This is where the open science part would come in. Whenever the user runs the script that evaluates, plots and compares the data, the entire dataset is automatically made publicly accessible. Along with the dataset (raw data, meta-data and grouping text file), all the evaluations should also be deposited. Currently, we do this as a PDF file, but that is all but useless – only for human use. Ideally, I’d like this evaluation file to contain all the content of the grouping text file, as well as the DOI of the script that generated it and (semantic?) markup that structures the evaluation document. Such an evaluation document would be both machine and human (with a reader, which is why we started by using the PDF format) readable and provide an overview of exactly what was done to what data.

One eventual goal is to also use these evaluation documents during manuscript authoring. Instead of copying the figures, pasting them into a manuscript and then trying to describe the statistics, I’d like to just link the different evaluations from inside the manuscript. Each figure in a manuscript would then just be a link to one of the evaluations in the evaluation document, the one I want readers to see so they can follow my line of arguments. Any reader who wants to see other aspects of the data has single-click access to the entire evaluation document, with all our evaluations for this data-set, as well as access to all the code used to generate and evaluate the data, if they so wish. For this, all the data and meta-data in each dataset has to be linked to both each other, and the code and the text. Of course, all the data in a manuscript should also be linked together, even though they likely come from different datasets/projects.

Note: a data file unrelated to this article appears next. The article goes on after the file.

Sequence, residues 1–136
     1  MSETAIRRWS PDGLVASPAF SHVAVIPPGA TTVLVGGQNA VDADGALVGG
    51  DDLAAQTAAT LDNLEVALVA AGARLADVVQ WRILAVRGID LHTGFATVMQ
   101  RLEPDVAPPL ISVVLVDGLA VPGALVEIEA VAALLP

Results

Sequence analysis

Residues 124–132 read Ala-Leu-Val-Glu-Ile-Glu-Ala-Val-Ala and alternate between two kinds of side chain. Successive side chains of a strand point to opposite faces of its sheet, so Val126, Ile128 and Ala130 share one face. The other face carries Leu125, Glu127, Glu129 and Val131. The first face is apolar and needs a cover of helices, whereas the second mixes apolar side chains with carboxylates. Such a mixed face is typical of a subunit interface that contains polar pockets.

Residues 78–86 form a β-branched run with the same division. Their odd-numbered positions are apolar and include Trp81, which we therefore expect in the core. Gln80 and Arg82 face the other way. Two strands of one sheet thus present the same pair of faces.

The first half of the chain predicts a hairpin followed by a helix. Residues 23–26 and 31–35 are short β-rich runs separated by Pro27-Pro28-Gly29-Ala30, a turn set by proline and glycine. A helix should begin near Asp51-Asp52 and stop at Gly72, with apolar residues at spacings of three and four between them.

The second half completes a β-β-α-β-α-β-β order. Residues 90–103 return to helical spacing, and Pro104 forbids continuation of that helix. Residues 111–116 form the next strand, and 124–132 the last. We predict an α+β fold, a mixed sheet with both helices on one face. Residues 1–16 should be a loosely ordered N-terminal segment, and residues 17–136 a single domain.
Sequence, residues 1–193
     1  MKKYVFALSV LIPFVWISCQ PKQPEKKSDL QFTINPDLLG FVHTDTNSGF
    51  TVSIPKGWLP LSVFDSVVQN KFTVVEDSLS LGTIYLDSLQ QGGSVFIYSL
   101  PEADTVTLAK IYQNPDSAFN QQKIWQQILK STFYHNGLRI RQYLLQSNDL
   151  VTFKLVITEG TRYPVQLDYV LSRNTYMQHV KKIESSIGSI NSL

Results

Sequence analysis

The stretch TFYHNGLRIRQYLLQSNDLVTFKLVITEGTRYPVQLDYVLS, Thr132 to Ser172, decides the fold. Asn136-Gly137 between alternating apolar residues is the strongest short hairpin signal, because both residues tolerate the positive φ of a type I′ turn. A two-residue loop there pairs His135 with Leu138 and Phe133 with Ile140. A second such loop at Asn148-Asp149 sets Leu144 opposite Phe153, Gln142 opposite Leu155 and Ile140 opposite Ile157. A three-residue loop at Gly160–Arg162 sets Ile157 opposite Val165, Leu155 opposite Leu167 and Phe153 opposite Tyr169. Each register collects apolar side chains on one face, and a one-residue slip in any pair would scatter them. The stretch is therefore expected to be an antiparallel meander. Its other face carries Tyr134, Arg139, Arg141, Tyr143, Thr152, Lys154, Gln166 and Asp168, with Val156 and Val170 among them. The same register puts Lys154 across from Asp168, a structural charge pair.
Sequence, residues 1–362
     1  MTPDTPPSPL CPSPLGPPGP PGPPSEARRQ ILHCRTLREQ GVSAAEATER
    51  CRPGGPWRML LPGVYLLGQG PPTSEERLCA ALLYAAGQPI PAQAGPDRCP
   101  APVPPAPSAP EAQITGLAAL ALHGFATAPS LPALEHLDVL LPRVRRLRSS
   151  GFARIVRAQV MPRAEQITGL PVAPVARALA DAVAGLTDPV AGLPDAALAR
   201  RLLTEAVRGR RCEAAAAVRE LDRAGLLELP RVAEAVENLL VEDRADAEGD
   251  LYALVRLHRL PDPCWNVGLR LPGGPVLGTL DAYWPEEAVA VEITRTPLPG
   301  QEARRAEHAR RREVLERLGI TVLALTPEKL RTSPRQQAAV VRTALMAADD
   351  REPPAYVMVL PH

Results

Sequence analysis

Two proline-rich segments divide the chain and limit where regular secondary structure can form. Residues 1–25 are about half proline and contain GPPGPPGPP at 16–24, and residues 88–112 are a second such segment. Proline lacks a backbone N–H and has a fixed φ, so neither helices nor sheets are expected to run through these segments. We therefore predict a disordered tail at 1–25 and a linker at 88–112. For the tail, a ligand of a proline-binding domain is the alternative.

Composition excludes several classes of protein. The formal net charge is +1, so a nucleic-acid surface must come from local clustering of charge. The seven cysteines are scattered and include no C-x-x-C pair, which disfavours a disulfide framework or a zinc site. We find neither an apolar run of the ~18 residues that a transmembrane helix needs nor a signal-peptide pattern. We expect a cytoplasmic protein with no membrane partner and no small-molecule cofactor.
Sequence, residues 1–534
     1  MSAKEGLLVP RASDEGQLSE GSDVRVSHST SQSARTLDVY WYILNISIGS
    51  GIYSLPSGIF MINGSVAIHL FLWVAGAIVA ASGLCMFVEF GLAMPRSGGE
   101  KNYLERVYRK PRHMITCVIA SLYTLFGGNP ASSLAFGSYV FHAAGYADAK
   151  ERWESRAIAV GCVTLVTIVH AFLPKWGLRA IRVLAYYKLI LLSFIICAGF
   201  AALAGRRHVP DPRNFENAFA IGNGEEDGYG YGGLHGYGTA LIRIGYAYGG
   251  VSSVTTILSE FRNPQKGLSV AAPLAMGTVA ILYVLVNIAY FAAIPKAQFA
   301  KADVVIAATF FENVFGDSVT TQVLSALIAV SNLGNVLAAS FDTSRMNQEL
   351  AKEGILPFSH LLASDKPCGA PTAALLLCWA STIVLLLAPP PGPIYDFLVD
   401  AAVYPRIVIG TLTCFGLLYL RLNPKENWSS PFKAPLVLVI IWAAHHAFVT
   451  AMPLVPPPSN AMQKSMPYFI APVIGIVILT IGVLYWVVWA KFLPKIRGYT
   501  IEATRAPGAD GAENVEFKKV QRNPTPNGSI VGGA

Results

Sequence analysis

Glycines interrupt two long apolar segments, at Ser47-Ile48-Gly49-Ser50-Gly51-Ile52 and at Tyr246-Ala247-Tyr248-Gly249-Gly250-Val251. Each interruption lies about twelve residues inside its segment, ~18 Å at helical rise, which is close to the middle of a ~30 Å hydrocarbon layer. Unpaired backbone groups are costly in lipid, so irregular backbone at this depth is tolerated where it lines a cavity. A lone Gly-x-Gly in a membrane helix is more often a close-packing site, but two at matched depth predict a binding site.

With the data and code solutions we’re currently developing, this should allow us to just write code, collect data and link both into our manuscripts. Everything else (data management, DOI assignment, data deposition, etc.) would be completely automatic. Starting at the undergraduate student level, users would simply have to follow one protocol for their experiments and have all their lab-notebooks essentially written and published for them – they’d have a collection of these evaluation documents, ready to either be used by their supervisor, or to be linked in a thesis or manuscript.

So, what would be the best data structure and meta-data format with these goals in mind?

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Posted on  at 23:50